The storm was fierce. She tries to hold fast to the pilings that moored her all these years, but her brittle bones snap from that last bite of a January storm. Her scream was horrific, though no one heard it. In that moment, wind howling, surf pounding in unforgiving punches amidst darkness cloaked in white, she lets go and floats away. Looking back on Lubec — a place she watched grow, almost die and now in the midst of rebirth — her home for 110 years waves goodbye. She treads water, and then her light goes out.
Down East is special. To drive along its coastline is a treat, but the real jewels in this place, where whispers of story reside, are its small coastal towns. Each town I visit is like opening a wrapped package, a gift. I carefully peel back the paper, with respect, unraveling a trove of uniqueness wrapped in beauty.
Lubec is a town where the wind resides and whispers of its past can be found around every corner. It is a place that sits on the edge of America where the sun is seen first every morning before sweeping the rest of the land. In the beginning it was a fishing town. It still is today, though time has changed it and its people have, too. The sardine industry made the town and then gave up, yet fishermen survive here today and carry on the story. Originally named after a city in Germany, Lubec authored stories of smokehouses, herring and sardines, gold from seawater, and celebrated a man named Hopley Yeaton, who retired to the town after serving as the first commissioned officer in what became the U.S. Coast Guard.
One thing that is a constant Down East is change. Change is everywhere, offering glimpses of past and present to anyone coming into a coastal town. Its embrace is saturated with salt air and friendly waves from people eager to sit and chat about where they live. Lubec is no different.
The wind pushes change down Water Street, past the wharf, shops, the harbor, and over to the Canadian island of Campobello, once summer home to FDR. It is a circular route, one constant in a sea of change that surprises me every time I visit. This easternmost town in the U.S. is also home to a famous lighthouse that sits atop West Quoddy Head.
In the spring, the town receives travellers with an unblemished touch of the hand while it shirks off the cold after a long winter. Fresh paint flies and neatly stitched “Open” flags are at the ready. A frosty pint from the Lubec Brewing Company awaits those parched from their journey back to the edge of this nation’s most northeastern point.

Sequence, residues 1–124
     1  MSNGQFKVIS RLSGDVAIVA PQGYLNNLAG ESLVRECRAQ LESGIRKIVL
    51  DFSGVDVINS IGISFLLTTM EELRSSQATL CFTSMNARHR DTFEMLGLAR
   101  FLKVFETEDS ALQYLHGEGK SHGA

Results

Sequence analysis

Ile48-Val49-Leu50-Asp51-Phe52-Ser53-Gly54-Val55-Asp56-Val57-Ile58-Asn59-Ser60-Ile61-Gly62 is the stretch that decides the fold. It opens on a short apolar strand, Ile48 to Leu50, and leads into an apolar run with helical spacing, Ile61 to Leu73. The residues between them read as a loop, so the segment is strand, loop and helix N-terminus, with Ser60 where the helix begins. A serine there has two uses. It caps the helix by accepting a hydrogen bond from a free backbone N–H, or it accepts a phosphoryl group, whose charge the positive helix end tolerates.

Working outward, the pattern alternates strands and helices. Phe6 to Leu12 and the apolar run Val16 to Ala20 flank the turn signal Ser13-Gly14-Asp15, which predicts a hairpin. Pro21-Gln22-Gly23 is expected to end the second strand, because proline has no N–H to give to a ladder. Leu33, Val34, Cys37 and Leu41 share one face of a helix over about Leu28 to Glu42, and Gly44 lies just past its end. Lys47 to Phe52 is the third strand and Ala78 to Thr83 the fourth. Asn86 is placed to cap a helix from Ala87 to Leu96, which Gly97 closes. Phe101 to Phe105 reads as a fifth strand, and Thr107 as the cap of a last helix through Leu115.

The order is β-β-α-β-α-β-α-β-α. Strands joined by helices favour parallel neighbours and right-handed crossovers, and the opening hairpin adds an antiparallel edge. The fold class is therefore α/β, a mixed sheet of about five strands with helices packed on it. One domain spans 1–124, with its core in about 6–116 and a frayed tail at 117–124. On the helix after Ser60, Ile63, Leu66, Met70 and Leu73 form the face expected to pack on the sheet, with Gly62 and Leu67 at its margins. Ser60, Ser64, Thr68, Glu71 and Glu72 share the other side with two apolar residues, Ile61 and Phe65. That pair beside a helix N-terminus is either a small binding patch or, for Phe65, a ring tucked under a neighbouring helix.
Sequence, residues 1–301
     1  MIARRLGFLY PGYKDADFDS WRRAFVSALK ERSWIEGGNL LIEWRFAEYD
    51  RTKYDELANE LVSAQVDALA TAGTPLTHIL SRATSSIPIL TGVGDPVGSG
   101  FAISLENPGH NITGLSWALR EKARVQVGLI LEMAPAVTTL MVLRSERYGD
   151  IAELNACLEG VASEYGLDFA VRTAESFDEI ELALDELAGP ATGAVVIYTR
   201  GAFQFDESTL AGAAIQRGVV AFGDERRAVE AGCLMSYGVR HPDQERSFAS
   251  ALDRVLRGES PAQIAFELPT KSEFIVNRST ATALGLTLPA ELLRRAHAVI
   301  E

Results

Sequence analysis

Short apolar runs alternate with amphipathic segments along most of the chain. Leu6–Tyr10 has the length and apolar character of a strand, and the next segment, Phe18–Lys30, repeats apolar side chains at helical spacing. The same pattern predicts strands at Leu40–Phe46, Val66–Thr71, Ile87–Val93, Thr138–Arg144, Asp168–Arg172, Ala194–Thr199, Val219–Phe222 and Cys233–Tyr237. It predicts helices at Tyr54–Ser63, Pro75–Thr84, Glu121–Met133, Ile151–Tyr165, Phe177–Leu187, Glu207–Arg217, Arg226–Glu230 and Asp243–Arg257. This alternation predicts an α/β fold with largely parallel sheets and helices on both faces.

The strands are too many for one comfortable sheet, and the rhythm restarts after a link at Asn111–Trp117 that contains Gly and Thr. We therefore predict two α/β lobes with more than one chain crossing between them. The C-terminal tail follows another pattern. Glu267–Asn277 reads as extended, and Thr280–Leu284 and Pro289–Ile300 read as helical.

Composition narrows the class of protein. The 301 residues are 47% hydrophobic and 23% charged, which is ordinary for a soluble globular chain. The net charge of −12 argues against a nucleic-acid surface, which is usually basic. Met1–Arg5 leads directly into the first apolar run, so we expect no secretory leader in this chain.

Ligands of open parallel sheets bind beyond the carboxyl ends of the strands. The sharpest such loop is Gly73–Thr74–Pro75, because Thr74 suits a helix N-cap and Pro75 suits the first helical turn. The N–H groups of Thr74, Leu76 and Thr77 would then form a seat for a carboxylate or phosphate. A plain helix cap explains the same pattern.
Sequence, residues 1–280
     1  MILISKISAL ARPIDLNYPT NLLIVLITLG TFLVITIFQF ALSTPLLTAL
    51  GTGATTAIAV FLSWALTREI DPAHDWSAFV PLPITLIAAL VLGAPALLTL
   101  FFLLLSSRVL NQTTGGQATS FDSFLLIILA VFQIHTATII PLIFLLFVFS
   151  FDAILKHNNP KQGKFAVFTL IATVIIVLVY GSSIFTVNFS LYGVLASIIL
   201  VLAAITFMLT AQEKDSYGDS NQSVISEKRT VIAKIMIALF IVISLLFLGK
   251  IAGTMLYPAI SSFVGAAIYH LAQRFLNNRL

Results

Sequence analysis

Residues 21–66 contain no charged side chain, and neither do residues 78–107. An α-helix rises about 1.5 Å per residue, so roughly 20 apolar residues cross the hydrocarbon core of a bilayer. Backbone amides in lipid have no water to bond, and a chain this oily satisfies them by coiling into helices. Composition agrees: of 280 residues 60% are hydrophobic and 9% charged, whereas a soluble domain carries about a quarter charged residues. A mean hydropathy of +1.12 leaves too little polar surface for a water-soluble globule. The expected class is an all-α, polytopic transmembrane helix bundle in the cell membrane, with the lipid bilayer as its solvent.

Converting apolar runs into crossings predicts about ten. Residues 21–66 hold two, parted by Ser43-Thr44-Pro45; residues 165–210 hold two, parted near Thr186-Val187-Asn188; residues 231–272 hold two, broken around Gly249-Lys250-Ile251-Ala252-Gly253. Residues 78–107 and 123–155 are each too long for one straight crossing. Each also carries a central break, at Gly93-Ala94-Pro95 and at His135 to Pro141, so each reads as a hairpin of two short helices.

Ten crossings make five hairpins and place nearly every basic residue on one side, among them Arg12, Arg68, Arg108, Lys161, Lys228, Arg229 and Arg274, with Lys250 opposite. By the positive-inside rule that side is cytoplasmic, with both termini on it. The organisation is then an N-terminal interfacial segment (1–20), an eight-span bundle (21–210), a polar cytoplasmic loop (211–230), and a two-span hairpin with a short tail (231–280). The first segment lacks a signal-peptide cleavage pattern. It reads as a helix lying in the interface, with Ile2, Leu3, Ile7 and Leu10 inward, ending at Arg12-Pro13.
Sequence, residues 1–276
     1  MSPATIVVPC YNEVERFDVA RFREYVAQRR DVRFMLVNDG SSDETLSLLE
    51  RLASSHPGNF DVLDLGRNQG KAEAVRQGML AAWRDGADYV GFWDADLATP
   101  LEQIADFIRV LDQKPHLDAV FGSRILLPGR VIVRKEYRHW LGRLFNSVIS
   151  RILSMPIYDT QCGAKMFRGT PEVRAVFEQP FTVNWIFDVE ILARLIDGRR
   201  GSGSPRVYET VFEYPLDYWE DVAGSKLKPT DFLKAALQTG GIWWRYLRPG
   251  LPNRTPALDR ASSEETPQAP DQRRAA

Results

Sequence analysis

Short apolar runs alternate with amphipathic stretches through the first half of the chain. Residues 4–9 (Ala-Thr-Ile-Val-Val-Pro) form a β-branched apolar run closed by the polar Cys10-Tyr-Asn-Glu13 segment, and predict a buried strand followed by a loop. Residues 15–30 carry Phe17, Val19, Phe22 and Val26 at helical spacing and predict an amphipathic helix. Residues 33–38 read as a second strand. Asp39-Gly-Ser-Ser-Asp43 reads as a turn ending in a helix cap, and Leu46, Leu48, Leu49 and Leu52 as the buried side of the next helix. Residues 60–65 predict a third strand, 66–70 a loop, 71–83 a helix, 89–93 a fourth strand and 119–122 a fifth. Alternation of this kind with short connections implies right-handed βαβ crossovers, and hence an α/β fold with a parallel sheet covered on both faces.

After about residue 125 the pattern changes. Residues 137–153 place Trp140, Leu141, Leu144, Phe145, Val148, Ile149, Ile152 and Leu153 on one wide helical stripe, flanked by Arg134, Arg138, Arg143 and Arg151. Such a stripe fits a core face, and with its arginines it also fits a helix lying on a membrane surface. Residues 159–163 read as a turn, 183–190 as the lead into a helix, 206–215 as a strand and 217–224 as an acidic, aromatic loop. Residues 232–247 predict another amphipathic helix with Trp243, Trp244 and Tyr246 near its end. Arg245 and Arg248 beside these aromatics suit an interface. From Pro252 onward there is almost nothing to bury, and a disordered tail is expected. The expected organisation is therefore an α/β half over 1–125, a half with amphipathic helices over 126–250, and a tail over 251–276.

Memories of that old brining shed lost in that 2018 January northeaster linger. Its pilings of wood peek over low tide. Moss laden and black with time, it is a snapshot of old days, old ways. Downeasters pulling line, herring weirs full then empty, fish racked to dry, then processed and canned. Women, children and men living side-by-side, working long hours amidst ocean, tides and time, their stories now held within the McCurdy Museum.
Fog, a tolerable companion, is like a canvas floating in mid-air across the town. When fog visits, residents make room for it, place setting and all, “Why fight it,” they say. “Sit a spell, friend, in front of the fire and let’s pull up the covers together.” When the fog lifts change is everywhere, because residents made do by creating keepsake moments to placate themselves and, of course, inspire summer guests. This place harbors painters, potters, poets, musicians, writers and photographers, and hosts an international marathon while providing a shoreline vista that takes your breath away — all while waving to its Canadian brethren across the water.
On a walk about town you will find hints of music and art, surrounded by the history of a small fishing village still clinging to bygone days. SummerKeys offers workshops in everything musical plus writing and photography; Down East souls lost on the water are now found on a fishermen’s memorial where their names rest in granite, forever; fishermen wave from boats as they head out in a morning haze of briny soup; gulls defy gravity, and a waft of air rattles the herring racks in the museum up the street. On uneven sidewalks prodded by time, you’re guided by whispers down streets surrounded by water just in time to see the tide’s return. You may say, “Is this it?” But then you realize how rugged and resourceful these people are to make something from nothing. Everything is here, if one pauses to feel the wind and listen.
The soul of a place will speak to you if you listen carefully. In Lubec, it comes from rooftops and windows glazed in memory, houses old and new, from voices young and old. Their stories will greet you, wish you well and provide comfort as you stop. The town’s artistry will guide your walk from one end of town to the other. And, just maybe, a faint whisper will rise and touch your ear, a child from yesterday’s January storm, her voice still carried on the wind.